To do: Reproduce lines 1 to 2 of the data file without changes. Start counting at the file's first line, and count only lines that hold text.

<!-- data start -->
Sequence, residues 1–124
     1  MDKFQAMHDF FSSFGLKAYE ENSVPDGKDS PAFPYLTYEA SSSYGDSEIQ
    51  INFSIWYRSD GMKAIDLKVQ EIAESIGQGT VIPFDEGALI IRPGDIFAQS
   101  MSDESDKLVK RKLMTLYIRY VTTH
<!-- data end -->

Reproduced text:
Sequence, residues 1–124
     1  MDKFQAMHDF FSSFGLKAYE ENSVPDGKDS PAFPYLTYEA SSSYGDSEIQ